On the surface, The Lego Movie feels like a shameless cash grab. Though beloved the world over, the Lego toys aren’t exactly known for their rich storylines. Recently the company has branched into video games and direct-to-DVD films with some success, coating popular franchises like Star Wars or Lord of the Rings in colorful animation and quirky sight gags. But how does the Lego brand do on the big screen?
The answer: way, way better than you’d think.
Writer-director team Phil Lord and Chris Miller understand something very important about Legos: nobody takes them all that seriously. Hell, that carefree attitude even becomes a plot point towards the movie’s climax, in a clever reality-bending twist that’s better experience unspoiled. Thus, The Lego Movie is bright, fast-paced, and ruthlessly upbeat. It begs you to lighten up. And as the bubblegum pop soundtrack blares and the set pieces get quirkier and the plot gets more ridiculous, you’ll feel your cynical heart melting. You might even find yourself caring about these yellow, plastic cartoon characters a little bit, no mean feat for what is essentially a 100-minute commercial.
The loose, ever-shifting plot follows Emmett, a nondescript construction worker played by Chris Pratt. Having your wacky adventure star an ineffectual everyman is a plot device as old as time, but rarely does a movie go so far out its way to convince us how utterly, crushingly unimportant its protagonist is. Emmett has no special skills, no interesting backstory, not even a particularly strong moral compass. All that distinguishes him is an insurmountable optimism for every normal, pointless aspect of his humdrum life. Naturally this gets thrown out the window with the appearance of Wyldstyle, an attractive “master builder” played by Elizabeth Banks. Wyldstyle insists that Emmett is secretly a Lego messiah, and suddenly the two are on the run, jumping from playset to playset, one step ahead of the villainous President Business (Will Ferrell) and his henchman, Bad Cop (Liam Neeson).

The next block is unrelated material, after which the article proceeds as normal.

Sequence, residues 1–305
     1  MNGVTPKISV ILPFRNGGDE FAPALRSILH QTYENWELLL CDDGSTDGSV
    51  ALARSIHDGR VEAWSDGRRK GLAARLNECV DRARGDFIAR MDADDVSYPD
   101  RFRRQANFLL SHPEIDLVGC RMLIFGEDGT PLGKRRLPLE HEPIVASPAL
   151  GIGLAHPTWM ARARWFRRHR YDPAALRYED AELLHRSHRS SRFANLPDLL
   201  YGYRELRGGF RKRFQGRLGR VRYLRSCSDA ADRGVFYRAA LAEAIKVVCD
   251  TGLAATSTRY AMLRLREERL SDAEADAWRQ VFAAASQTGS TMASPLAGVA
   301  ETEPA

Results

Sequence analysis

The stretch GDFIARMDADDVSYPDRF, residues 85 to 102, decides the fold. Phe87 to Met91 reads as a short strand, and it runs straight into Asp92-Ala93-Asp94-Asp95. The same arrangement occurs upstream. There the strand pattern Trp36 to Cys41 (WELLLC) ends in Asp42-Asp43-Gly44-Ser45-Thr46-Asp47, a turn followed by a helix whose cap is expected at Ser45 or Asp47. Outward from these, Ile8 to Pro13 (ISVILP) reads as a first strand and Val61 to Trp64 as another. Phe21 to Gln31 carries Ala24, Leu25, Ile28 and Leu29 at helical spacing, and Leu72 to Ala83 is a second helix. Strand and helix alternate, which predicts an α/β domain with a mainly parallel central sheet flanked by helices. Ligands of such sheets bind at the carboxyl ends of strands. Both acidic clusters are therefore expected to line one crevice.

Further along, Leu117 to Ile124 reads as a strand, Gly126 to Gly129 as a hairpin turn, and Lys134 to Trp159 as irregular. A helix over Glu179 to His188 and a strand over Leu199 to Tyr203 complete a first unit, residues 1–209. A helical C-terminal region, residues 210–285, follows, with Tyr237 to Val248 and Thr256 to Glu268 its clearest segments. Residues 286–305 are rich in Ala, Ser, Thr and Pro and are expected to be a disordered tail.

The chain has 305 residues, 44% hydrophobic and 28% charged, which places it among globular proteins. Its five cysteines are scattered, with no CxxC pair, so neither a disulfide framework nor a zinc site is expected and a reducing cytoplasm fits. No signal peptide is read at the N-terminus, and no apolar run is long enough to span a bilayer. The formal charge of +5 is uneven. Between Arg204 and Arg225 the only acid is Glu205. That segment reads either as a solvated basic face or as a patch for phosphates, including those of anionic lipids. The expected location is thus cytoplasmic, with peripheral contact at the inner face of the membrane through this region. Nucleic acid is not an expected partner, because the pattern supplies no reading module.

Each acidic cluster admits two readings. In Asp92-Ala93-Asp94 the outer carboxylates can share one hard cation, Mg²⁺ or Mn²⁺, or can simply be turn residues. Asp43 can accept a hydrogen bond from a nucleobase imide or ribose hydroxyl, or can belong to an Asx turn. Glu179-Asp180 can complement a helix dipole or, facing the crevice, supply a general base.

The voice cast makes this movie. Lesser actors could have rendered the film unbearable, but The Lego Movie makes full use of its eclectic cast of Oscar and Emmy darlings. Pratt, Banks and Ferrell sport impeccable comedic timing, and Will Arnett spoofs Batman perfectly. Hearing the sonorous voices of Liam Neeson and Morgan Freeman coming out of the mouths of cute Lego figures simply must be heard to be believed. You could go to this movie blindfolded and still get your money’s worth five times over.
The animation is, at times, a bit overwhelming. CGI melds with some of the most complex stop-motion ever put to film to create a world that drops your jaw one minutes and assaults your eyes the next. Kids will love it. Adults may wish for a few slower moments in which to regain their bearings. Fortunately, if your eyes wander and you miss a gag, there’s always another one hot on its heels. And try to remember, this is a kid’s movie through and through. If you’re uncomfortable tapping into your inner child for an hour and a half, go see the new 300 movie instead.
Overall, The Lego Movie defines the term “pleasant surprise.” Lord and Miller delve into their subject matter so shamelessly and with such enthusiasm you can’t help but crack a smile at what they come up with. This is a movie about toys. Thank goodness it knows how to have fun with them.